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New class gives future cops judo skills (Athens County, Ohio)

By Jim Phillips

Renae Thomas and Samantha Atwood are having way too much fun for a martial arts class.

Thomas, 40, of Logan, and Atwood, 20, of Athens, are police science students at Hocking College. On this Thursday evening, they're paired off in a small practice room in Hocking's student center, working on a move they've just been shown by Fritz Goss, their instructor in a class on self-defense for police officers.

Thomas and Atwood are trying what Goss calls, with homely precision, the "getting-a-big-guy-off-you" technique. The move, he has explained, is to be used if "I end up flat on my back, and I've got a big thug on top of me."

As the women take turns flipping and slamming each other into a thick blue practice mat, they keep dissolving into gasps of laughter.

"You two are always giggling!" one of their male classmates accuses them.

"You can giggle all you want, girls," Goss assures them. "We want you to have fun."

"Like, how do I finish it?" Atwood asks Goss, having successfully pinned Thomas on her back.

"Just give me a kiss!" Thomas suggests, and they bust out laughing again.

The women are among about a dozen Hocking College students enrolled in the new class. Luring Goss, a resident of Columbus, to the college to teach the course was something of a coup; at age 63, he holds a sixth-degree black belt in judo, has won multiple Ohio AAU Judo State Championships dating back to 1968, won the 1987 National Judo Master's Championship, and during his time as an officer in the U.S. Navy, taught judo to Seal Team One in California.

He's also a born teacher - a job, coincidentally, that he held in a Columbus school system for many years before retiring. As he strides about the room, demonstrating throws and holds, he's constantly joking and telling stories in a mild drawl that makes him sound almost like a native of southeast Ohio.

His teaching style is free of both kick-your-ass swagger and pseudo-Asian "take the pebble from my hand, grasshopper" solemnity. At one point, he asks the students if they have any questions about martial arts.

"Does it get all the ladies?" asks one male student.

"I'll tell you what - I have rescued ladies," replies Goss - and launches into an anecdote about how he once subdued a man who had punched a woman at a New Year's Eve party.

"I beat him all the way down the sidewalk, on general principles," he recounts, grinning. In another instance, he recalls, during a workout run through the streets of Columbus, he chased down and apprehended a flasher who had been exposing himself to a woman and her children.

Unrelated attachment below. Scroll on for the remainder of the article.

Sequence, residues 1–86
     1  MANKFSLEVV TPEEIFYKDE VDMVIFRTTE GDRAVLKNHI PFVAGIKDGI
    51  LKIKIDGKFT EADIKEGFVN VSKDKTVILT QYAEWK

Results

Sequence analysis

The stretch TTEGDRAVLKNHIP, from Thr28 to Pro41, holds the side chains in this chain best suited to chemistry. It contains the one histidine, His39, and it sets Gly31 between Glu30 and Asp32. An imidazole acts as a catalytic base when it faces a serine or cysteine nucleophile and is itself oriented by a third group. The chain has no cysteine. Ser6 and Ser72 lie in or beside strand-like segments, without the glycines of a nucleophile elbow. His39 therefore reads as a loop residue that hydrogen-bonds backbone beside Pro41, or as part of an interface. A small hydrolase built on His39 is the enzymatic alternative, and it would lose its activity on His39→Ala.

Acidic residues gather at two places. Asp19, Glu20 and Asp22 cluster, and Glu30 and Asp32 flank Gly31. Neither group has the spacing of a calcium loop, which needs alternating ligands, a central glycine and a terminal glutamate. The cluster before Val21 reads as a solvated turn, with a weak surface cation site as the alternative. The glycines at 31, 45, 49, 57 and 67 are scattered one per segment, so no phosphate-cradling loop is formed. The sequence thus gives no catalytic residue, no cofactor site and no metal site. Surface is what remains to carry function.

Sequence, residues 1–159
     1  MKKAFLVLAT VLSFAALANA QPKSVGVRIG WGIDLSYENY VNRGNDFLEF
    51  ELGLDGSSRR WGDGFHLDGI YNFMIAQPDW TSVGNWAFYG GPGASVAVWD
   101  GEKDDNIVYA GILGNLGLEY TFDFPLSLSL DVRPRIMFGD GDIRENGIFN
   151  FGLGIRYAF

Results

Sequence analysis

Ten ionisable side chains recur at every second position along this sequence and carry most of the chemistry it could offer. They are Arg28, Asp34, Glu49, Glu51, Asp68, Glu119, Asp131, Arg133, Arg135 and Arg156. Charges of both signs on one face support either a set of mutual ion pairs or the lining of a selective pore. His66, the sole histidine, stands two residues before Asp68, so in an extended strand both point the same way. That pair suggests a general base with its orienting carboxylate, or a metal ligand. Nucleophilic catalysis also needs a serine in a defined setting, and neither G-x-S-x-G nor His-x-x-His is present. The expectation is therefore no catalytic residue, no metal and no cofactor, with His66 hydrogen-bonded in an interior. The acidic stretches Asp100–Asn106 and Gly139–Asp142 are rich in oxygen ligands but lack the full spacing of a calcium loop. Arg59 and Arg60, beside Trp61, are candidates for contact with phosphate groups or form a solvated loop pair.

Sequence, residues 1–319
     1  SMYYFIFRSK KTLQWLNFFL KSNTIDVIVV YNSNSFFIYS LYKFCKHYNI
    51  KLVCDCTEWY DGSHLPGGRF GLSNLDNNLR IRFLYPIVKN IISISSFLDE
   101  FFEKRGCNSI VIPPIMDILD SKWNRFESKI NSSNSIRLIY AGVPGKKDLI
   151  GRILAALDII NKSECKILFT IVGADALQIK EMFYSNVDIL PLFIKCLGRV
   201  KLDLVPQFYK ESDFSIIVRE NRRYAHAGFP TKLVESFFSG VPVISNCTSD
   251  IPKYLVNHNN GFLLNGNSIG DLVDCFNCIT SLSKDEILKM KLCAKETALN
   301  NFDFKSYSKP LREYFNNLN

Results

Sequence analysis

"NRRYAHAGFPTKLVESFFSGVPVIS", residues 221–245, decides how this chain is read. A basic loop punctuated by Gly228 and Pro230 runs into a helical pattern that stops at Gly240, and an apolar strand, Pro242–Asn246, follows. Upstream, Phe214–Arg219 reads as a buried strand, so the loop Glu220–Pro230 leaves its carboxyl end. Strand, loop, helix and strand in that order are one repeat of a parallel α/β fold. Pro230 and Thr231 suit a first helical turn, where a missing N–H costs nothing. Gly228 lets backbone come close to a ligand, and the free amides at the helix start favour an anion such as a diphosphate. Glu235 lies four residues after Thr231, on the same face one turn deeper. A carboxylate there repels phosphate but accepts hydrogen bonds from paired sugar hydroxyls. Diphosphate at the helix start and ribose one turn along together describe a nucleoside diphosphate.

"I thought I was Dirty Harry," he admits. "It was fun, getting to be the right hand of the law."

The class is clearly made up of beginners in the martial arts, and it's broadly pragmatic in its approach.

Goss teaches a variety of simple judo- and jujitsu-derived moves meant to quickly defuse attacks a police officer is likely to run into on the street. He stresses that for a cop, the aim is to control and overpower violent offenders without hurting them more than necessary.

"This is self-defense against an idiot who is stupid enough to climb your back with a strangle," he explains before demonstrating an over-the-shoulder throw and takedown, complete with an arm-lock as the clincher.

"I love arm-locks," Goss admits. "The average guy on the street is unaware of how to defend against an arm-lock."

He tries the move out on a student volunteer, then sets the class to practice on their partners - with varying levels of skill. The room soon resounds with the thudding impacts of bodies slammed, some rather clumsily, into the top-of-the-line, deluxe padding that covers the floor.

"They're sounding good!" Goss encourages the students. "I'm hearing that ka-thump, ka-thump, ka-thump!"

WHILE THE STUDENTS PRACTICED, Goss explained to a reporter the aim of the class.

"It's how to deal with physical altercations that can occur, and control criminals in uncomfortable situations," he said. "It's 100 percent practical." He confirmed that part of the idea is to help officers use appropriate force levels.

"For a police officer, you don't want to be punching people too much," he added.

Calvin Price, dean of Hocking College's Public Safety program, said Sunday that the new class was created to provide "more methods, and better methods, to help police officers when they're on the street."

He said Goss was definitely a catch, both for his martial-arts expertise and his teaching skills.

"He has been a joy to work with - very responsive and helpful to us," he said. "And the students are really enjoying the class and learning a lot."

Some in the Thursday evening class readily agreed.

"I love it," said Thomas. "It hurts, but I like it a lot, I really do... We've learned a lot." Of Goss, she said, "He's a ball! He's a great teacher, and I think he really tries to make sure everybody understands everything."

Brian Follrod, 20, already works in law enforcement, as a reserve deputy for the Athens County Sheriff's Office. He's also a wrestler, who coaches the sport for a local school district; he said he's taking the course to pick up "more skills, and things I can use on the street." He said one of the most valuable things he's been learning is the importance of constant awareness as an aspect of self-defense.

Atwood says she hopes to land a spot with the Ohio University Police after she graduates. She said she, too, is learning a great deal from the class.

"I think it is really helpful," she said - especially for someone with no practical "martial arts" background. "In high school, I didn't get in any fights at all," she explained. She said she especially appreciates Goss's practical approach.

"He teaches the techniques that you need to use," she said.



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